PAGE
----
Rhythm of the session

“Play is often talked about as if it were a relief from serious learning. But for children play is serious learning. Play is really the work of children.” – Fred Rogers

When you arrive you will be welcomed with a hot drink. The designated area will be set up with an optional seasonal craft or cooking activity we have prepared for you. You are invited to play with your child, have a chat with other parents or join in with the craft or domestic activity.

Please do not feel you need to make your child join in with the craft or feel obligated to remain in the area of the activity. If they are happy playing or sitting quietly with you that is fine. This is also a time to be led by your child’s impulses to explore the natural environment around them. Because there are no set boundaries you may explore the open space of the public woodland. This also provides a lovely opportunity to closely observe your child, whilst making friends with other parents. Please feel free to explore with your child!

After about an hour of the activity and child-led free play time, we tidy up the area with a special song. This is part of our routine and we take our time, encouraging the children to join in. This activity is of equal value to the others, and children benefit from domestic duties such as tidying. Children are not verbally directed, but rather shown by the adult by example. Children are then enabled to participate if they choose.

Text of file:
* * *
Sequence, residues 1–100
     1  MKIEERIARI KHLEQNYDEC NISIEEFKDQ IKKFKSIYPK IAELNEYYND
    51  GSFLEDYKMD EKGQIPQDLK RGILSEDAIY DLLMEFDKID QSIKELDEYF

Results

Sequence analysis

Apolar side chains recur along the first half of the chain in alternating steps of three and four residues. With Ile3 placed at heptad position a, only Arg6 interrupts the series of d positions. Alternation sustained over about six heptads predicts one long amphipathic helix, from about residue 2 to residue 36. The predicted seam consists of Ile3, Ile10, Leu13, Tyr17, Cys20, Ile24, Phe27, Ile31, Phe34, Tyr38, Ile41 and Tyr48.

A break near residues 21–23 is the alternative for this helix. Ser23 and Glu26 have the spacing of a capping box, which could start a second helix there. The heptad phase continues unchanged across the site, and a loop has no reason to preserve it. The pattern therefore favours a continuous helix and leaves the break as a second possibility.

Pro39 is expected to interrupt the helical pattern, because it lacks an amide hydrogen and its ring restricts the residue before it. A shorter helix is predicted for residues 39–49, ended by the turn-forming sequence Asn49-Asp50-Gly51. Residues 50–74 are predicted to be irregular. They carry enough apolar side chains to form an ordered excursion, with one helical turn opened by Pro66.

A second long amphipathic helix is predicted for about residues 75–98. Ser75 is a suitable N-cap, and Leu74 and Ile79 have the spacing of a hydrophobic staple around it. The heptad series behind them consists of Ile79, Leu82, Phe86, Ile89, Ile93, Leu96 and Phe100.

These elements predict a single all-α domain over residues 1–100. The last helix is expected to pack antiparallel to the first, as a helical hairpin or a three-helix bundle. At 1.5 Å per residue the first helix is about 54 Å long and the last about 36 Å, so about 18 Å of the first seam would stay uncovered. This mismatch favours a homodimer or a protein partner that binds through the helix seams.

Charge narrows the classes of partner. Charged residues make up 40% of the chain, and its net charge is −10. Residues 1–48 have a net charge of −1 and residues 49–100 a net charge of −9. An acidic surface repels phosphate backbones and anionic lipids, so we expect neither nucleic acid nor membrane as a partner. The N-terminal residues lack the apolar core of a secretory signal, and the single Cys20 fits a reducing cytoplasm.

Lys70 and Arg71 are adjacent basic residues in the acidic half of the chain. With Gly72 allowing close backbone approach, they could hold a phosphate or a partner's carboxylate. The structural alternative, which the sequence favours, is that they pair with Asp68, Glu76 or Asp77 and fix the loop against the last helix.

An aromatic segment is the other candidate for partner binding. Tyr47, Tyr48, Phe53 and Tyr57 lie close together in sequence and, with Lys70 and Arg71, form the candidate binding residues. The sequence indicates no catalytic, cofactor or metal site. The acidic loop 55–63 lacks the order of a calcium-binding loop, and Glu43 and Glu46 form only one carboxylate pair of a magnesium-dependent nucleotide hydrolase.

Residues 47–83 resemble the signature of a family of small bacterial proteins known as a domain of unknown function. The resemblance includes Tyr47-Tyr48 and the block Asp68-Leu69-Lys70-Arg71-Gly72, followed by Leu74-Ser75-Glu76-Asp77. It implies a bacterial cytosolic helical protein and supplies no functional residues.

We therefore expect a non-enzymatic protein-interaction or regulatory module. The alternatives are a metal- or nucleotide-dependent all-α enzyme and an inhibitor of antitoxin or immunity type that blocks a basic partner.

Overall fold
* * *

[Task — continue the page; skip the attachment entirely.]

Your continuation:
We then wash our hands using a bowl of prepared lavender water. Then it is time for snack. We sit down on the ground around a tablecloth. We light a lantern, sing a song and a blessing. A simple nourishing snack is provided of homemade bread, fruit and warmed apple juice/water. We finish the snack with a thank you. After everyone has finished eating, we join hands in a circle for a ring-time. We greet each other with a verse and continue with traditional nursery rhymes, finger games and seasonal songs. This is followed by a story which is told in the form of a simple puppet play, making it possible for every child to follow and enjoy some aspect whether visual or oral.